Sunday, February 18, 2007

serving pressure?

I am fortunate to have a good friend that keeps Guinness on tap regularly. The best part is that he lets me have a key to his place so I can stop by anytime I'm downtown to pull a pint. This is especially useful after Georgia Tech football games because I can make "on the way home" include a trip by his house and it really is on the way.

But this week he went a little wild. Instead of Guinness, he ordered a keg of Boddington's. Equally delicious in my opinion and it doesn't require an equipment change. Well, except for the keg coupler which almost every source prior to the pick-up ensured was the same as the Guinness keg but really turned out to be the same as a Bass keg. After cleaning some scary looking stuff out of the one the store loaned to him, everything hooked up and beer ready to pour. Sort of.

First beer, too foamy. Pressure needs adjusting from Guinness pressure. The only problem is, what pressure should we set it to? No, seriously. I've been searching on the net for almost an hour while we're watching the hock-eh game and I can't seem to find a site that will provide information about recommended serving pressures, suggested volumes of CO2, or anything remotely helpful regarding commercially available beers. Is this some sort of trade secret that distributors are wanting to keep
to themselves? If so, I want to know so I can get a site started where we start making the info available. Or maybe it's out there and I am just getting too old to use the Internet. Know where we can find this info?

Thanks in advance.


  • At 8:58 PM, Blogger Jonathan said…

    I have no idea. But I love Boddington's, and I wanted the world to know. We're going to start kegging our homebrews soon, so we might stumble across some kind of actually HELPFUL info. I'll let you know. That's definitely a good idea for a site.

  • At 8:08 AM, Blogger Travis said…

    I have never had Guinness on tap so I am not sure what you would have that at. But I have a tap system at home I sure for my homebrew and we always had kegs at my frat house so I am a little familiar with the range.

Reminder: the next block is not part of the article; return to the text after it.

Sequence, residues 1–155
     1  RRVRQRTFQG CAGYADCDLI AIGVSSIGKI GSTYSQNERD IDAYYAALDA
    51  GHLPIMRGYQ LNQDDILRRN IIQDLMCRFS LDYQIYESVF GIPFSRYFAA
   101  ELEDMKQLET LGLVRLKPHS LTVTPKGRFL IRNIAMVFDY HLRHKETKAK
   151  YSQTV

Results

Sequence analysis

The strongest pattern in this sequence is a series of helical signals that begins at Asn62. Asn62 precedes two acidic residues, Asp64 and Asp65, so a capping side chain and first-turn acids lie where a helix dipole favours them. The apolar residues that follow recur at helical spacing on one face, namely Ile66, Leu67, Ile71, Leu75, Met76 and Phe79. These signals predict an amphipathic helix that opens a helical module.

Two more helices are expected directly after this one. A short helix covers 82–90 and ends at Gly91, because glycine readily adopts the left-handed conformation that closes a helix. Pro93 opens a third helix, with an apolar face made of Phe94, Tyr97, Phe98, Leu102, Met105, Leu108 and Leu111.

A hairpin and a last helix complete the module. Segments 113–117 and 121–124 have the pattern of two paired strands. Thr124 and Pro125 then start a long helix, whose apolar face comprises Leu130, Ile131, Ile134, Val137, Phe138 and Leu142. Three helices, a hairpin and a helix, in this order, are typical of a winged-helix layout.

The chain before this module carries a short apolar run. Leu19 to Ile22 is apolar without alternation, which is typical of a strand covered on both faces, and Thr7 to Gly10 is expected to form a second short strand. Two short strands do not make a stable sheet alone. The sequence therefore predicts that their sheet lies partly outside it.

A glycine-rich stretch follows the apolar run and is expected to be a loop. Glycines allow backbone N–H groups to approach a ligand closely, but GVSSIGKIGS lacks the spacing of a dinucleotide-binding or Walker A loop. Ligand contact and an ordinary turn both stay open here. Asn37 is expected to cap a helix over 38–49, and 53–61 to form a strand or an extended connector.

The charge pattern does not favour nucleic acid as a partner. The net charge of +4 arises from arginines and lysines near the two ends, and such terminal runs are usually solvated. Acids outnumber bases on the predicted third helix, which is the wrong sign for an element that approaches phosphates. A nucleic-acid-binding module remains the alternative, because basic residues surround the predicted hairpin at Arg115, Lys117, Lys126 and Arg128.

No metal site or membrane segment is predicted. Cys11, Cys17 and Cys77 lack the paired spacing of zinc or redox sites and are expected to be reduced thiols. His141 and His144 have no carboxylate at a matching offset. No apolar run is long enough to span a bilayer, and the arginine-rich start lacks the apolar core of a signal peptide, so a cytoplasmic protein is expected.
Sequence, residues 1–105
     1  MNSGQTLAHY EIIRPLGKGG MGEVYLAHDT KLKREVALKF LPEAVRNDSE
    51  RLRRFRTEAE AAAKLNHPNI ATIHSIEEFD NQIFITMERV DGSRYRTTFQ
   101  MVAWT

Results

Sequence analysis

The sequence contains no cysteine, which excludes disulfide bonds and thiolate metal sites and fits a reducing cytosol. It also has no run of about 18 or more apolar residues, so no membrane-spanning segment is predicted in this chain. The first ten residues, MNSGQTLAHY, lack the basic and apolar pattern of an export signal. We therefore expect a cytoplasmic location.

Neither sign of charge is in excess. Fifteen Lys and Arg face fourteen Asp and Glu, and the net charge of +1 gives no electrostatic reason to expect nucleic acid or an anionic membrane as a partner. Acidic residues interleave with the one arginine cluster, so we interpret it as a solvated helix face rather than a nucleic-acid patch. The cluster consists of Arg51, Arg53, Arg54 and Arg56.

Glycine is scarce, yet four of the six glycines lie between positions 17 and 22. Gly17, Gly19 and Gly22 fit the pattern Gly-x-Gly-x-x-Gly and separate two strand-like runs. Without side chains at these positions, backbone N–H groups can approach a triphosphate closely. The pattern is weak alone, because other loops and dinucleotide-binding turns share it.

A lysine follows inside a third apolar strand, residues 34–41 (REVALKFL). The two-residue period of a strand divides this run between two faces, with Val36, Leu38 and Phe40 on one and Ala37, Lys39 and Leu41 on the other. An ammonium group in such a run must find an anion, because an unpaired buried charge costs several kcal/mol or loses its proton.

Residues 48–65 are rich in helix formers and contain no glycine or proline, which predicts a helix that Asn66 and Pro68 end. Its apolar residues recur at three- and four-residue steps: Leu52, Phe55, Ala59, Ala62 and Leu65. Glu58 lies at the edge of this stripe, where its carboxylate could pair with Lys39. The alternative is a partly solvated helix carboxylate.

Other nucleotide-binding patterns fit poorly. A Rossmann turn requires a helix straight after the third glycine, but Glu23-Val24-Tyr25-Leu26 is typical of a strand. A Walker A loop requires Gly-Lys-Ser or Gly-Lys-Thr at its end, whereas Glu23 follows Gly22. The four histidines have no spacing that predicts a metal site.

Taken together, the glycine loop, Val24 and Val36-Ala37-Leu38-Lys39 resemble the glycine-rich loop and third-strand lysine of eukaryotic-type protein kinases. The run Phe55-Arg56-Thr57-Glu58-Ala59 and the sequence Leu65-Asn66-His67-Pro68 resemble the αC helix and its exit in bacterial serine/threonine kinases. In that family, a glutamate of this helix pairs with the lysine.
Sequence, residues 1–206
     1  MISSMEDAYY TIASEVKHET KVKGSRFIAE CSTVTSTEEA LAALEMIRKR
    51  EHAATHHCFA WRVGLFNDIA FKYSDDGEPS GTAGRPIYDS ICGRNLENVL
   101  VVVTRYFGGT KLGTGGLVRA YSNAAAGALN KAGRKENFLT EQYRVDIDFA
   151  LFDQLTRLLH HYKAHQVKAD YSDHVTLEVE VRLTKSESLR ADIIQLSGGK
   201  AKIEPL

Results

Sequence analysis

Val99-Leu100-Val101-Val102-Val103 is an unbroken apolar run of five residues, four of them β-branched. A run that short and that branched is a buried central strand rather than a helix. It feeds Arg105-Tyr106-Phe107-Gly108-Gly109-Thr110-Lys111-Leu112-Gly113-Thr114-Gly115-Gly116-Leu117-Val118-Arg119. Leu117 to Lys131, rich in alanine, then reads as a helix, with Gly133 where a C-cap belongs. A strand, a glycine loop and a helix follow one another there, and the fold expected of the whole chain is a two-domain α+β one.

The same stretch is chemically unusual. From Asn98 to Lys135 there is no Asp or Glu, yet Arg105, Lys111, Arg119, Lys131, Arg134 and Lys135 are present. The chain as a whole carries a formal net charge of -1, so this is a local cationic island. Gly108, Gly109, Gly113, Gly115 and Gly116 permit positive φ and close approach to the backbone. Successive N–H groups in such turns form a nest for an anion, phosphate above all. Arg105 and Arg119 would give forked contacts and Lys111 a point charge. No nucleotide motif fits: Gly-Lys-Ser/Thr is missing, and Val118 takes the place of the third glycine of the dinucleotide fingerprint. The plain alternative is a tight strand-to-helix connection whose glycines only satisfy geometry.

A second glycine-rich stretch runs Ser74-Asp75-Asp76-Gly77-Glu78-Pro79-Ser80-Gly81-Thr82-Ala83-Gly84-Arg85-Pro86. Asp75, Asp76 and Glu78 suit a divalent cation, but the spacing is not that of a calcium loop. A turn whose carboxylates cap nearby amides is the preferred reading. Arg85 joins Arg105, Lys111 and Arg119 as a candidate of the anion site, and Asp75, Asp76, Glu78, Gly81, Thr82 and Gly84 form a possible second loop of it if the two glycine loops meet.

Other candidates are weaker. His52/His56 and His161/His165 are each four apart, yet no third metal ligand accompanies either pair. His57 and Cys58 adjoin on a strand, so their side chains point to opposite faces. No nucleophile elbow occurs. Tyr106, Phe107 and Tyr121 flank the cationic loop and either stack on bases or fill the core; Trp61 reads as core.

Now a lot of places will tell you 6-8PSI is the appropriate serving range. For me that has never worked. With my homebrew it's too slow and never develops a head and with the keg beer we used to buy it just made for a very slow pour.

    I recommend 11-12 PSI. This is what we used at the house and this is what I use for my home brew as well. One key thing is allowing the beer to settle at that PSI. I usually let the beer sit for as little as an hour and as much as 24hrs before I decide if I need to fine tune my PSI.

    I hope this helps.


  • At 1:09 PM, Blogger Ed said…

    I am not sure of the exact pressure but it should be close to that of Guiness. Unlike regular beers Guiness is dispensed at a higher pressure, this is necessary to push the beer through the nitrogen tap that you use with Guiness/Boddingtons/Murphy's type beers. I would say keep it at 28-30 lbs at give it another whirl (although I am sure the keg is gone by now). The beer should pour like a Guiness but then settle down with a thick rich head. For regular beers you want to keep them at about 38 degrees and use about 12-14 lbs of pressure. If the beer comes out too fast you want to use a longer hose not turn down the pressure. This offers more restriction and slows down the flow of beer allow it to be poured without it going flat. Hope this helps.


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